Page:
That year through deeper and deeper engagement, I learned powerful life lessons from my students; to this day, I hope they learned something from me as well. At least they knew I respected them.

      2nd chances create places of wonder. I’m glad you found and continue to find wonder and awe.

  8. Shanda Fitte says:

    Dear Holly,
    The second chance that I would like to share is about a past student of mine. I first met DJ when he was in my Head Start class. I was the center manager and lead teacher, he was four and I was obviously attached to him as I was with many children. Through the years I have watched DJ grow into a young man. I have loved him and encouraged him despite his poor choices, and trouble with the law. Because we live in a very small town, I am able to see him often. When I do, I hug him, tell him I believe in him, and encourage him. A few years ago his father died from a drug and alcohol overdose. He came to me and wanted to talk. However, since that time he continues to be in trouble, as well as his two other siblings. I gave him a promise that I would never give up on him. I have told him that despite his poor choices, I will love him, support him, and give him honest advice to help him succeed in life. Recently he went back to an alternative high school. I hope that DJ knows that there are very few people who he has pulling for him but that my support may be his second chance. I just hope that he will grasp the hand that is reaching out to him. I hope that I can share down the road what a successful young man he has become. But for now, I will love him right where he is.

    • You are a marvel, Ms. Shanda. Your love for DJ will always be in his heart. Trust me.

      My elementary teacher, Michael Gonta, saved my life. He was the 1st and only person who believed in me. He saw me. To this day, I love him back…..to the moon and back!

      Like DJ, I didn’t make great decisions. Took me a long time to believe I was worthy and not destined to repeat “the sins of the fathers”.

      Forty years later, I was able to find Mr. Gonta and thank him. In fact, I dedicated my book, What You Need to Lead, to him. When I need advice, I turn to him.

      DJ has one person in his corner, for always. Never doubt the gift you have given him.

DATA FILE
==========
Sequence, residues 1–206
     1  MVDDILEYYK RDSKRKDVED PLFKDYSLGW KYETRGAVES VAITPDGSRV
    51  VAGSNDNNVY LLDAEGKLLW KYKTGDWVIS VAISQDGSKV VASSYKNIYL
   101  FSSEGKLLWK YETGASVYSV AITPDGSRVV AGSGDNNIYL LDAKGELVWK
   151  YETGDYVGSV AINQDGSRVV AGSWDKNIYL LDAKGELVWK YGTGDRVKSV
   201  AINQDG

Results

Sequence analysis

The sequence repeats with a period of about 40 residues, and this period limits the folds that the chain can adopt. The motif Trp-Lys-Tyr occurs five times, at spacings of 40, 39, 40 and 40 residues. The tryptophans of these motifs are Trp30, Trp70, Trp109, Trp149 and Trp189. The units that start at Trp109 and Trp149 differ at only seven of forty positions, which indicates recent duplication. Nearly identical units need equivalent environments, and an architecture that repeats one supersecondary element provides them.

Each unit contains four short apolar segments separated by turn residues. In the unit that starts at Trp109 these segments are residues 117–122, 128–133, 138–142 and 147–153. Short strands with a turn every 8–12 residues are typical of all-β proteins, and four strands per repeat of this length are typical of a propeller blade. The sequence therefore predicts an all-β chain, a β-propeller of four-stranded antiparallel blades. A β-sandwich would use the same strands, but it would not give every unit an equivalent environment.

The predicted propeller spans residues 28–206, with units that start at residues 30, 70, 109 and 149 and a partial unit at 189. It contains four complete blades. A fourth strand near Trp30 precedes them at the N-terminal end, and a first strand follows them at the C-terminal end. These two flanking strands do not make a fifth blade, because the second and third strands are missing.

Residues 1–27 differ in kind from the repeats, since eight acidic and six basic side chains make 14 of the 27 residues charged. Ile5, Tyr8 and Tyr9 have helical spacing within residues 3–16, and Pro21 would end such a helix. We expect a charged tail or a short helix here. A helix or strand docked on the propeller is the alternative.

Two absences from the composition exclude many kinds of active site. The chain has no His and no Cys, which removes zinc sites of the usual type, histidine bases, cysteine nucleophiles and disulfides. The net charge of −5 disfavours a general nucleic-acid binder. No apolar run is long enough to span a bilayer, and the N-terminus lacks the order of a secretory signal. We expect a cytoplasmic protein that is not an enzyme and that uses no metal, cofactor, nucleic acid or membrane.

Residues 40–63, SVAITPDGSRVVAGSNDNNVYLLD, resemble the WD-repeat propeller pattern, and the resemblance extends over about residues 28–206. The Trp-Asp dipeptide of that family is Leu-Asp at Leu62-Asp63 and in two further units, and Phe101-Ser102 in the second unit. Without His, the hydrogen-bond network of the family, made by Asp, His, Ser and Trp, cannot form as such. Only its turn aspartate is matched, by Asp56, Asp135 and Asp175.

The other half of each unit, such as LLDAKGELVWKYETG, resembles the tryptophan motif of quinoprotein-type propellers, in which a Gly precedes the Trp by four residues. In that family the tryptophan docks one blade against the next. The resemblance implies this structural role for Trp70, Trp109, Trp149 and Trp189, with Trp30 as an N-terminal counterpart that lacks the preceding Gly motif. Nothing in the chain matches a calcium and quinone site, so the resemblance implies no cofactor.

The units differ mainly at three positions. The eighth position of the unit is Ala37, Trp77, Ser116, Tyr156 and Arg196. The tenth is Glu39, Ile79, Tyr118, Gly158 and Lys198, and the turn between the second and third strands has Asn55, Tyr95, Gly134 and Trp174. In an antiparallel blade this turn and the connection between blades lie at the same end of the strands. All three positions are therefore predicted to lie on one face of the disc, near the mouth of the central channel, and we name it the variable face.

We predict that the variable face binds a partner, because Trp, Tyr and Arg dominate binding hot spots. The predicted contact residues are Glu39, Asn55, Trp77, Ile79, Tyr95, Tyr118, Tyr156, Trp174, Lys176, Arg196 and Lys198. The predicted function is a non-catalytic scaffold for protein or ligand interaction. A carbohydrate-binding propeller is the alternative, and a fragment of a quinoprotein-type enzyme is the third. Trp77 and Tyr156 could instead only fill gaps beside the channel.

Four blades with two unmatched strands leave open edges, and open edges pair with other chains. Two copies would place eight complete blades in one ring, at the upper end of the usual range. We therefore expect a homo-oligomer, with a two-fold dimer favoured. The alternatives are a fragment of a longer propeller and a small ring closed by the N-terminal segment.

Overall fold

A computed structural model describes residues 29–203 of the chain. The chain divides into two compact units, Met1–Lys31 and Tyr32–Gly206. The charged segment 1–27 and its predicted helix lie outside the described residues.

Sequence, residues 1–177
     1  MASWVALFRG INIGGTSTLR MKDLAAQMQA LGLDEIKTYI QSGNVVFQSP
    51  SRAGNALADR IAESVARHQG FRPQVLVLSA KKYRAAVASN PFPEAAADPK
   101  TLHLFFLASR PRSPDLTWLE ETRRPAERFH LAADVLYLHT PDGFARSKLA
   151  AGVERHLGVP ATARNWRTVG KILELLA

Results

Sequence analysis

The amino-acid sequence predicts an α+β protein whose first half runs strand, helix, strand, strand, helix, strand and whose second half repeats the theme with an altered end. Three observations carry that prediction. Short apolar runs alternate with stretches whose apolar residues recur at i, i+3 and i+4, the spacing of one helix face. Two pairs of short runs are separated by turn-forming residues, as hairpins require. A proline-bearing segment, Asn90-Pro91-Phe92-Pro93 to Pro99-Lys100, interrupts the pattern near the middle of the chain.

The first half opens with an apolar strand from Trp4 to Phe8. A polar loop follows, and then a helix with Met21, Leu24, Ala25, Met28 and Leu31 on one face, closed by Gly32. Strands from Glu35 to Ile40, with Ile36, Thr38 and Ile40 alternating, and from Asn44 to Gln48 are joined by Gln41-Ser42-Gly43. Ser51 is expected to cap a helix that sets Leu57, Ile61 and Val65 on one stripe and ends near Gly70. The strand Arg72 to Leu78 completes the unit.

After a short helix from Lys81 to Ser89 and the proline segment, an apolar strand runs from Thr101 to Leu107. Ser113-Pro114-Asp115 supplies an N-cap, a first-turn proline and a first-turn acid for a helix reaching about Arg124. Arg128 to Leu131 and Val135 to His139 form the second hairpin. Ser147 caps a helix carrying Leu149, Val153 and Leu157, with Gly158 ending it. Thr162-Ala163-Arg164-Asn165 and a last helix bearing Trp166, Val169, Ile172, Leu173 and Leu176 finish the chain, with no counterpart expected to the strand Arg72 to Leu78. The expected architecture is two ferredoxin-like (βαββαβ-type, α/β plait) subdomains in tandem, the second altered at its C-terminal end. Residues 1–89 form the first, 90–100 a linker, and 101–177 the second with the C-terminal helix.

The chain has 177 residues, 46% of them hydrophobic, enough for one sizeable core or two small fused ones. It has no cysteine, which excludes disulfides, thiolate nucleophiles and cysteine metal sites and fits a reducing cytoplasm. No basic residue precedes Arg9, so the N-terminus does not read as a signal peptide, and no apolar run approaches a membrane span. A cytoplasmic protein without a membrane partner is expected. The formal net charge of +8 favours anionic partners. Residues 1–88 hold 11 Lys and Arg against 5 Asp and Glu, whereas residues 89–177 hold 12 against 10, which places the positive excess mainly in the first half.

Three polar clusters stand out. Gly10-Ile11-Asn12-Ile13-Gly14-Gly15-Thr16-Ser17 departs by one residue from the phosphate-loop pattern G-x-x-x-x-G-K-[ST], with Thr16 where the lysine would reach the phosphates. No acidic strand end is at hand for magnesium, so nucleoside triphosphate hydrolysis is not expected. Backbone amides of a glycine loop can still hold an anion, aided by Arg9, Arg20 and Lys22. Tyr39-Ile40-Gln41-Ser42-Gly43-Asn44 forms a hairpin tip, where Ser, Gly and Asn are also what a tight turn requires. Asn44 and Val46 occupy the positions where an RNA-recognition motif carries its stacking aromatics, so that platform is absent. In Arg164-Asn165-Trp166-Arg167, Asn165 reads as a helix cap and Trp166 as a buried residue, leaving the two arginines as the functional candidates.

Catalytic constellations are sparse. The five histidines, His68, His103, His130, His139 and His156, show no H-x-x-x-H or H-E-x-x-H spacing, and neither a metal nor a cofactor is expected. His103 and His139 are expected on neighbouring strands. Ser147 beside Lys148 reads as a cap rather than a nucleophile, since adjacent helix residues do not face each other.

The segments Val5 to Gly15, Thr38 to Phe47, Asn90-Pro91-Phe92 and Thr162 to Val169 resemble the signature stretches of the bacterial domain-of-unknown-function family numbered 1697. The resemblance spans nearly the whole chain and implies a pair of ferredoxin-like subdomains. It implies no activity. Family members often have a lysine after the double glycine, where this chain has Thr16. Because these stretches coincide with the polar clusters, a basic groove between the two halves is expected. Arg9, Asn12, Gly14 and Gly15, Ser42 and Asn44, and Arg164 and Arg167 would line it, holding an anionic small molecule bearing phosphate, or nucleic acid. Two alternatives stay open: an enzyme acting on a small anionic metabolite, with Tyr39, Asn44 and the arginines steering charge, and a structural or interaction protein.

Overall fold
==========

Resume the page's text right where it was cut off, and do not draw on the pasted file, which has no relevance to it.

When we give a child a 2nd chance, we give that child hope for a lifetime.

      Thank you for making a difference, one DJ at a time

    • Dear Shanda,
      We are finishing up Holly Elissa’s new book and your comments made it into the final manuscript. We were wondering if you could grant permission to use your first name and last initial in the book? If not, we are happy to change your name in the book. You can reach me at arobinson@redleafpress.org.
      Thank you!
      Ashley Robinson

  9. Pingback: Share Your Stories! Contribute to Holly Elissa Bruno’s Next Book: Post 3 | Redleaf Press Blog

  10. This comment is from reader CJK:

    Hi Holly! The truth is that many experiences in life…for one reason or another ‘go and happen without saying’ to paraphrase your recent book’s genius phrase… When I perseverate on the insanity of that unhappy trend among mortals of all origins, persuasions, etc. etc. I grieve and I lose my spark. My spark is the best I have to give the world..it is where my humor, my compassion, my creativity and my energy travel and I can’t let it become small. In a moment of clarity while struggling with the silence surrounding new and different assignments and responsibilities directed to me…I realized …I will best serve myself as well as others by embracing the messages that delivered my assignments and letting go of my craving to know why. I placed my faith in possibility and in the greater good. Letting go of my need to know WHY allowed me to imagine how much I have to give and propelled me onward and outward. This gave me wings. XO

  11. Your “spark” is a gift to yourself and to the world. Your spark is a light you carry in your heart that shines through your eyes and lightens the heart of anyone you see.

    Anything that crushes your spark threatens to snuff out the light.

    We all need one another’s light. Sailing ships that lost their way were guided home by the beacon of a light house.
    So, whatever threatens your spark threatens your soul.

    Please don’t let that happen. Call/text a supportive friend,take a sweet dog for a walk. At the end of your day, go through the alphabet, naming one thing for which you are grateful that begins with each letter: A (pples), B (buds on a lilac bush), C (chocolate!)….

    Simple steps like these can rekindle your spark. Each step is a 2nd chance to remember what you love.

    Each step is a take-off pad for you to use those wings!

    Hang in. Discouragement, although warranted, can creep in to steal our birth right: joy.

    Thanks for writing.

  12. Pingback: Share Your Stories! Contribute to Holly Elissa Bruno’s Next Book: Post 4 | Redleaf Press Blog

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  15. Pingback: Share Your Stories! Contribute to Holly Elissa Bruno’s Next Book: Introduction | Holly Elissa Bruno